The costs to complete construction projects in the state of Florida are about to increase dramatically as builders, suppliers and subcontractors deal with four major government issues set to take place in the last three months of the year. The fear of many in the construction industry is that these cost increases are so much they will create havoc in an already bad labor market. More importantly, many smaller construction companies simply cannot handle the costs and will be forced out of business. As regulations increase and competition decreases, prices go up.

Because of the Florida Supreme Court rulings in Castellenos vs. Next Door Company and Westphal vs. City of St. Petersburg, the 2004 workers’ compensation insurance reforms were virtually wiped out. The fallout is dramatic as workers’ compensation rates for companies in the state of Florida are poised to increase 19.6 percent on Oct. 1. This will be particularly painful for the construction industry because labor is a greater percentage of the total contracted cost for most projects.

Health insurance for workers in the construction industry is also projected to increase dramatically because premiums for the Affordable Care Act (Obamacare) are projected to increase 19.1 percent in 2017. The vast majority of builders and subcontractors in the construction industry are not large enough to offer medical insurance to their employees, so many rely on Obamacare. This large increase will force some out of the industry in search of more traditional jobs that can offer coverage, while others will be forced to increase labor rates.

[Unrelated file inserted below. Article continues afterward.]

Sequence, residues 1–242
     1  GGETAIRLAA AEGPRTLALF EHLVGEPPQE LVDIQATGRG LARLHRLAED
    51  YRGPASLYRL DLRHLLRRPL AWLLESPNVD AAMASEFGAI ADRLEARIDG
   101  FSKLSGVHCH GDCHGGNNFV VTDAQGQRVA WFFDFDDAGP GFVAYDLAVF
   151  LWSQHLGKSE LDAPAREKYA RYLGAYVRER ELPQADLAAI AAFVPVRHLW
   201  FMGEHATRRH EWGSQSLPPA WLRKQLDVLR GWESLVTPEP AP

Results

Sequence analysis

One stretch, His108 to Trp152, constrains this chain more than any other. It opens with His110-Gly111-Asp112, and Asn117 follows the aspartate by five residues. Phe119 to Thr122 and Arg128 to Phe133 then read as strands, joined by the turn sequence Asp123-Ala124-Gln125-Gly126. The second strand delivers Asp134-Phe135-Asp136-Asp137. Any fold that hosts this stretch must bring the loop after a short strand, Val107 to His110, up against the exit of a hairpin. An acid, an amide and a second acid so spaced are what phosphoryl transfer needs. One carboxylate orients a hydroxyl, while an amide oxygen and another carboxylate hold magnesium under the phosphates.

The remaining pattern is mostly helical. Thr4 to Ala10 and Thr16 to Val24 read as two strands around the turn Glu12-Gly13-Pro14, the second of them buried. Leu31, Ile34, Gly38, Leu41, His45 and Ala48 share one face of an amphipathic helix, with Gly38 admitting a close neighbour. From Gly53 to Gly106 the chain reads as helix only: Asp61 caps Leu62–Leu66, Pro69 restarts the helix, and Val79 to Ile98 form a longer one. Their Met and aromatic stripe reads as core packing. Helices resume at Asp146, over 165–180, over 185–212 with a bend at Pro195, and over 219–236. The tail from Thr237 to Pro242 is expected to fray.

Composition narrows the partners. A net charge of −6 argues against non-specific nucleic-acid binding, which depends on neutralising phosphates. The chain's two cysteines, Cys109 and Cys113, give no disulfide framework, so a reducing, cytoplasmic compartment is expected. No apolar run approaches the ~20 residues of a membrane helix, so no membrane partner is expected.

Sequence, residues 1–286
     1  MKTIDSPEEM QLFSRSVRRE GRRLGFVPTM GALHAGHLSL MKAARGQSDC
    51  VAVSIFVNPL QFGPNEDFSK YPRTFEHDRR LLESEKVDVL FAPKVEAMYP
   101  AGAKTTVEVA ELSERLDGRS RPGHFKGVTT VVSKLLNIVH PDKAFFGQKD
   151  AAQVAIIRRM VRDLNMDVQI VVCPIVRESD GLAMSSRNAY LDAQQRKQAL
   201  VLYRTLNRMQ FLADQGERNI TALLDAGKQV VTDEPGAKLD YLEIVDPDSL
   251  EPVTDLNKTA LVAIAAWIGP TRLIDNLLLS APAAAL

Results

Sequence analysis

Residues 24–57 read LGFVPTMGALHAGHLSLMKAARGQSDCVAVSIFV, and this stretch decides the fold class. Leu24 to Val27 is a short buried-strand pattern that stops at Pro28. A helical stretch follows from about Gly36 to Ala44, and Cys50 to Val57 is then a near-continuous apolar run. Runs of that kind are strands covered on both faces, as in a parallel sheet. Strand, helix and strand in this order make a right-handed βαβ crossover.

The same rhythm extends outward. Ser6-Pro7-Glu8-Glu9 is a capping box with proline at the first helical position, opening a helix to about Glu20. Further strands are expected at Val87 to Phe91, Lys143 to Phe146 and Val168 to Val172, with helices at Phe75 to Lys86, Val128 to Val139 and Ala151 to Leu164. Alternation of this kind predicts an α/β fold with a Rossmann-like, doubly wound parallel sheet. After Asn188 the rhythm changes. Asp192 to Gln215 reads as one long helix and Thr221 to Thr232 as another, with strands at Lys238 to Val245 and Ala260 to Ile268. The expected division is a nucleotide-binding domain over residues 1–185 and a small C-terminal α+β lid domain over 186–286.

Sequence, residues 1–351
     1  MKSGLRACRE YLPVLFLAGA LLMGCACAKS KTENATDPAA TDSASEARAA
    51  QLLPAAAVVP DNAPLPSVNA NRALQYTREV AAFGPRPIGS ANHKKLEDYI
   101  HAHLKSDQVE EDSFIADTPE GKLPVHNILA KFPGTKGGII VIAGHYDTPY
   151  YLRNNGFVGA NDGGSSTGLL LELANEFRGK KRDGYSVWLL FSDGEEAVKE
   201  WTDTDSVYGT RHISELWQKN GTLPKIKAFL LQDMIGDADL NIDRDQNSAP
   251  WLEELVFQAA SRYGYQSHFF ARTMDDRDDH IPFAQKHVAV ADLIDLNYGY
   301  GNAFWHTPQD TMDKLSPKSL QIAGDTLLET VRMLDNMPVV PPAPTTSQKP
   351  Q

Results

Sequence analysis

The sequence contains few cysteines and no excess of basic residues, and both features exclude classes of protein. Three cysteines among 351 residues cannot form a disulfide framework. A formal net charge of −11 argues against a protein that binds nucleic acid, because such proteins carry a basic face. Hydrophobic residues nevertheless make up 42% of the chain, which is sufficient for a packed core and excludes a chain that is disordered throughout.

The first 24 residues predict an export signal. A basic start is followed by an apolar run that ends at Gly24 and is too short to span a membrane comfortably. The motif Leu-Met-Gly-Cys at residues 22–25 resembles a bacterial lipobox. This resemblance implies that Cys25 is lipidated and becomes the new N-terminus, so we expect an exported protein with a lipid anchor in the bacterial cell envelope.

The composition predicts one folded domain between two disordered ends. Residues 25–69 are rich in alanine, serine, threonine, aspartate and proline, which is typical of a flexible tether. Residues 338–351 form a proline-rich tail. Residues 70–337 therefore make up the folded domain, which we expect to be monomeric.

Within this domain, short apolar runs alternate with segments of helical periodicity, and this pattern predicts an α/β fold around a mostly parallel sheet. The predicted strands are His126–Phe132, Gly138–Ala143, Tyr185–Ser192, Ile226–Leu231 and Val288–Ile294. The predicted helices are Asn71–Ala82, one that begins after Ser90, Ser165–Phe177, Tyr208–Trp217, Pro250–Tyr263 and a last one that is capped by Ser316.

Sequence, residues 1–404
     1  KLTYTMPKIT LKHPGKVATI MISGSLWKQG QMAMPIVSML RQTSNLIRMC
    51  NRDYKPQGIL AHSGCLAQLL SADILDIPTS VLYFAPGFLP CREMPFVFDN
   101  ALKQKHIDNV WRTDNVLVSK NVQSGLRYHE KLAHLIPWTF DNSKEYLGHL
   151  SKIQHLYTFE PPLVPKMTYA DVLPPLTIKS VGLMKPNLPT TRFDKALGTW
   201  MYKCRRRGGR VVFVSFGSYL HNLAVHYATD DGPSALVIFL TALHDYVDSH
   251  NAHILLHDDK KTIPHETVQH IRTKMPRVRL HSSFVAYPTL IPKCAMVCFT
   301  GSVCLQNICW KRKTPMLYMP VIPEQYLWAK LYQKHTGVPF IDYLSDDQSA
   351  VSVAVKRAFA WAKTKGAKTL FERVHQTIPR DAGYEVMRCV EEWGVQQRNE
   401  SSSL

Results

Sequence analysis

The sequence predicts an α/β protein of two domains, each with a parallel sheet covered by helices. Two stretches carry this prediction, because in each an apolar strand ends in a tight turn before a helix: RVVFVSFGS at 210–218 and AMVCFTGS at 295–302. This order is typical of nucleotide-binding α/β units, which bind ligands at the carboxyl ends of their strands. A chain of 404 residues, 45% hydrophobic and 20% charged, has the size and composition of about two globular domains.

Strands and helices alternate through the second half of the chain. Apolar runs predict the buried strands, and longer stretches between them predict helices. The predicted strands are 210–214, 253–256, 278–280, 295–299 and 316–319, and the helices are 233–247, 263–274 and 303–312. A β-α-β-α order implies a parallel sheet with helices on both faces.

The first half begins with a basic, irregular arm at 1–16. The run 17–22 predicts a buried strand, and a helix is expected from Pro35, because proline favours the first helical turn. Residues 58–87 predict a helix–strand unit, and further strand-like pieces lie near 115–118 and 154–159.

As of Dec. 1, the new overtime rules from the Department of Labor go into effect, which doubles the salary exempt minimal wage from $455 per week to $913 — that’s $47,476 per year. Companies that have department or mid-level managers that make less than $913 per week will have to be placed on an hourly wage and paid overtime premiums. Many believe this will wipe out many younger, mid-level managers while adding to labor costs, making the labor shortage more difficult to manage.

Not to be outdone, the Occupational Safety and Health Administration (OSHA) is lifting their fines and penalties by 78 percent, with a major emphasis in enforcement focused on the construction industry. Serious violations and Failure to Abate fines are going from $7,000 to $12,471, while willful or repeated citations will go from $70,000 to $124,709. These new rules came into effect on Aug. 1, and a fine of this magnitude will mean bankruptcy for a smaller construction company. Stories of large fines for builders are already being heard, and this new focus on safety to comply with OSHA regulations comes with a big cost.

None of these government issues include the new state and local regulations or increases in impact and building fees. At every corner, government is truly getting another piece out of the construction industry. No business, especially those in the construction industry, is able to absorb these types of cost increases.

Don Magruder is the CEO of Ro-Mac Lumber & Supply Inc. He is also the host of the Around the House radio show heard every Monday at noon on My790AM WLBE in Leesburg.